The race is on to create and distribute a safe and effective vaccine against SARS-CoV-2 for the world. Historically, a vaccine’s efficacy against dangerous agents is tested by seeing whether vaccinated subjects in endemic areas have lower incidence of the disease than the surrounding population. Alternatively, if there’s a reasonable treatment for the condition, then those subjects might be exposed to the agent.
A thought experiment.
What if the FDA learns the best vaccine candidate was tested overseas using prisoners challenged with SARS-CoV-2 exposure? Assume the safety profile and evidence of efficacy are excellent. Should the FDA allow the compound to be marketed and distributed in the US?
Now assume the submitted data package is unchanged but the trial investigators overseas made no mention of using prisoners. That fact is only learned from leaked documents exposing the details. What now? Should the vaccine, if approved, be withheld from the US market?
The reason I bring this up is because of a position taken by virologists on a podcast I’ve been listening to: This Week in Virology. The panel’s consensus opinion seems to be challenging a patient with SARS-CoV-2 exposure after they’ve been vaccinated with a test vaccine would be unethical. They argue that a patient could get sick and die because there are no known highly efficacious treatments. That point is true. But, let’s step back a moment.
First, there are thousands of people ready, willing, and able to participate in vaccine trials including being challenged with virus exposure.
Next, Phase 1 preliminary safety studies are not without risk. Normally, such studies get the green light only after animal studies have demonstrated a reasonable safety profile. Nature does not always cooperate. Ever heard of BIA-2474 (sponsored by a company called Bial)? Most people have not. In 2016, that compound was tested in a Phase 1 safety trial. BIA-2474 was a FAAH inhibitor.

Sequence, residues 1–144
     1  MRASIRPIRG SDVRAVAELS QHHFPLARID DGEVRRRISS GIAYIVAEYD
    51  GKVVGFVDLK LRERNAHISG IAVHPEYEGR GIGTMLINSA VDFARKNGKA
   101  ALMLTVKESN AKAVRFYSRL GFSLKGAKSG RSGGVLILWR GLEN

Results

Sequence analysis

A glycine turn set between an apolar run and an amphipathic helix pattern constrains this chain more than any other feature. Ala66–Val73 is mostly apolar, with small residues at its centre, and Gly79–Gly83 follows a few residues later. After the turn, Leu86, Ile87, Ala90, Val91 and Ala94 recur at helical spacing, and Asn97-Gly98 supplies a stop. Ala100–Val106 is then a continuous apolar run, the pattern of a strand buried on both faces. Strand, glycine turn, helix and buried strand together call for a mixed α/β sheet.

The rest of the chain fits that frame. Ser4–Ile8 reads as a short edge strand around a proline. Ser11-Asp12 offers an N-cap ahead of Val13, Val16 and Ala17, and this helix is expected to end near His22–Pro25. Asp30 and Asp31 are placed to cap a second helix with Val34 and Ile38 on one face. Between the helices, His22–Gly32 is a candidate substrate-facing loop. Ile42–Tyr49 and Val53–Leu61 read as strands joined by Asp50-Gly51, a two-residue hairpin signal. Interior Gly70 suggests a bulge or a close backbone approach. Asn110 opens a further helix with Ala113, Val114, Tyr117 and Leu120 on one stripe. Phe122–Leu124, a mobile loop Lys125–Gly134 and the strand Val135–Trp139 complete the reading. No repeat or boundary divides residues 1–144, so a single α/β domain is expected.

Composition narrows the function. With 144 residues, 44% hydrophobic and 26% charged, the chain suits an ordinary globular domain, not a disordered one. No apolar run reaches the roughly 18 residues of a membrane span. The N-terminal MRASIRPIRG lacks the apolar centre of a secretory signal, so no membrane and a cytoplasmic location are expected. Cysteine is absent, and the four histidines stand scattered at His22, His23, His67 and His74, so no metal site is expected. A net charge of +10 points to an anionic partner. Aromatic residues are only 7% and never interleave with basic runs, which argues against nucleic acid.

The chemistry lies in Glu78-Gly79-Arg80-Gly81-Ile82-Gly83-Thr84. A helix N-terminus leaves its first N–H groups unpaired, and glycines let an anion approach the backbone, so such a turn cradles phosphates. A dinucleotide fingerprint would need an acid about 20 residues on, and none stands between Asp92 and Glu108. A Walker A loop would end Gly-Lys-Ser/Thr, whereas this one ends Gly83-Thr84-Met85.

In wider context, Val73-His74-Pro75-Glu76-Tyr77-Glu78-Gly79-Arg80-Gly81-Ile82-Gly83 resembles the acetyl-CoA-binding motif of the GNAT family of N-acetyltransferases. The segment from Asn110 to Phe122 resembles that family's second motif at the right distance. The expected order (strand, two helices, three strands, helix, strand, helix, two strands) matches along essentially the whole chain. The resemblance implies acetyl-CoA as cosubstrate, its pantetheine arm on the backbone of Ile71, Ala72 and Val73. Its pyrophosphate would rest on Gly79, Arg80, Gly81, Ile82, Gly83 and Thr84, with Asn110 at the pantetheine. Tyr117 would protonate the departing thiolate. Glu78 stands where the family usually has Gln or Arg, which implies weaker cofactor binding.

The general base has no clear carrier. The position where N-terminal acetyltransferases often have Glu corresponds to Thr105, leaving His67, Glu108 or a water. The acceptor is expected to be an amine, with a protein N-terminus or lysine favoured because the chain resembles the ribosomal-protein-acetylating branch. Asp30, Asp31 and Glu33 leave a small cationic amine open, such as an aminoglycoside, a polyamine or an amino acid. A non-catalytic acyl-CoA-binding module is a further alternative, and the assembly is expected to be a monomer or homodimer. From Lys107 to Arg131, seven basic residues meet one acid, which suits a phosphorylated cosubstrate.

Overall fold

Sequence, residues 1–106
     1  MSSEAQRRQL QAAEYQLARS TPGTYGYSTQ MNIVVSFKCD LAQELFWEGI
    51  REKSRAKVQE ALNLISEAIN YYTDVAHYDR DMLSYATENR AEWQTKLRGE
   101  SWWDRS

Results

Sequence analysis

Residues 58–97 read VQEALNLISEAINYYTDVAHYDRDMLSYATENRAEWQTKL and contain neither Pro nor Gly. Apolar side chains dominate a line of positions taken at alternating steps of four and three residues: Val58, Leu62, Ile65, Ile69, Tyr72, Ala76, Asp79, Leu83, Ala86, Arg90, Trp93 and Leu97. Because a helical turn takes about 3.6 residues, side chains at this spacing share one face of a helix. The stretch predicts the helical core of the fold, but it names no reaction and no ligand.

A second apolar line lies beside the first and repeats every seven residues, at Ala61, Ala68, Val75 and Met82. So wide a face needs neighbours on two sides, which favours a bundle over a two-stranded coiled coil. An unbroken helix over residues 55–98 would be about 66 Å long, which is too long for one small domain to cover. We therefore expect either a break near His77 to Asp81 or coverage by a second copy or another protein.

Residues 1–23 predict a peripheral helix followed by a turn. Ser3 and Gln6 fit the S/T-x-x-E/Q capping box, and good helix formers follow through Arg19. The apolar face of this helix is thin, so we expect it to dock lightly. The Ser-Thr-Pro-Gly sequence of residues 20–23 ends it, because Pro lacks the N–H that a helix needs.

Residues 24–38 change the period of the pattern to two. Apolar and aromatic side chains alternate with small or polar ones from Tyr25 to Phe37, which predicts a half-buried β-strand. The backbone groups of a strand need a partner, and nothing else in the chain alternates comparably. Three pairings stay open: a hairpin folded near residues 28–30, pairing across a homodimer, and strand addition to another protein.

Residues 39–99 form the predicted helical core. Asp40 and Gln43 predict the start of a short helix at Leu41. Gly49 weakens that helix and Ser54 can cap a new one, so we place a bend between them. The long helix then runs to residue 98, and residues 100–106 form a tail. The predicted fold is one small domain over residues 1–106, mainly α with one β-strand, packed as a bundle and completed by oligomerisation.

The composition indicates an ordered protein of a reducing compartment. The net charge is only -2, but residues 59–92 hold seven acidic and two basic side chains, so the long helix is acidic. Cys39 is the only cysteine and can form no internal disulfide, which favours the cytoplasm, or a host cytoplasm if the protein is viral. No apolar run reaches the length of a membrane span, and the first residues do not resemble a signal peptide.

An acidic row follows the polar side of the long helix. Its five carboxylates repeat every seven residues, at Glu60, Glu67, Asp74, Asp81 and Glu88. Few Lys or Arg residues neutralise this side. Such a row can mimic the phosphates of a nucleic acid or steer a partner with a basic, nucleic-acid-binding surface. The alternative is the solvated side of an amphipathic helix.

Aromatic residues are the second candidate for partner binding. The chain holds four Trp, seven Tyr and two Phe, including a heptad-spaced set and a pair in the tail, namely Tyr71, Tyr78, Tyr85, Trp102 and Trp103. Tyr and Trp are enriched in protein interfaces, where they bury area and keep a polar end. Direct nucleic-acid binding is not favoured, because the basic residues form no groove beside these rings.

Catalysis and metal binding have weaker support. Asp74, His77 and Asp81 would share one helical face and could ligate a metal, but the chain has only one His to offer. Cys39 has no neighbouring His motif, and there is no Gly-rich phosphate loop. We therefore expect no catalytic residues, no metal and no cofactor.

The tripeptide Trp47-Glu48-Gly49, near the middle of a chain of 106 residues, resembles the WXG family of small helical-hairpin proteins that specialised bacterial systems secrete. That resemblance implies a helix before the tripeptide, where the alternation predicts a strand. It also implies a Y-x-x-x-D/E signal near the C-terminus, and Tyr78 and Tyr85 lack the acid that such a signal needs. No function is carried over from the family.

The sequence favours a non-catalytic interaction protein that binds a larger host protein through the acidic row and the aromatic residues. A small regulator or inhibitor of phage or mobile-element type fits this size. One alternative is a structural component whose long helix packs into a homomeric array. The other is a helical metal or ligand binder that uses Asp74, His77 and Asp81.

Drugs which enhance the activity of endocannabinoids such as cannabinoid receptor agonists, agents modifying cannabinoid transport or inhibiting their metabolism have the capacity to be used as analgesics, hypnotics, antiemetics, antihypertensive, antiasthmatics, antiepileptics, neuroprotectives, immunomodulatory, anti-inflammatory, alcohol withdrawal, and eating disorders.
One of the major advances in this field was the generation of fatty acid amide hydrolase (FAAH) inhibitors. FAAH hydrolyses the endocannabinoids with amide bonds including anandamide (AEA). Inhibition of FAAH would lead to extended endocannabinoid activity at its site of synthesis resulting in tissue selective activation of CB receptors. This enhanced endocannabinoid activity is suggested to be useful in the treatment of several clinical conditions. At present, a lot of research is being carried out to establish their role in the management of neuropathic pain.
FAAH inhibitors are being researched extensively, but none of them has reached market yet. Other clinical trials that are conducted on FAAH inhibitors are Merck’s MK-4409, Pfizer’s PF-04457845, and Vernalis’ V158866. None of these trials had reported any adverse effect with this group of agents, and they were considered safe in humans.
[Prior to human trials with BIA-2474], Bial performed studies on four animal species: rat, mice, dog, and monkey.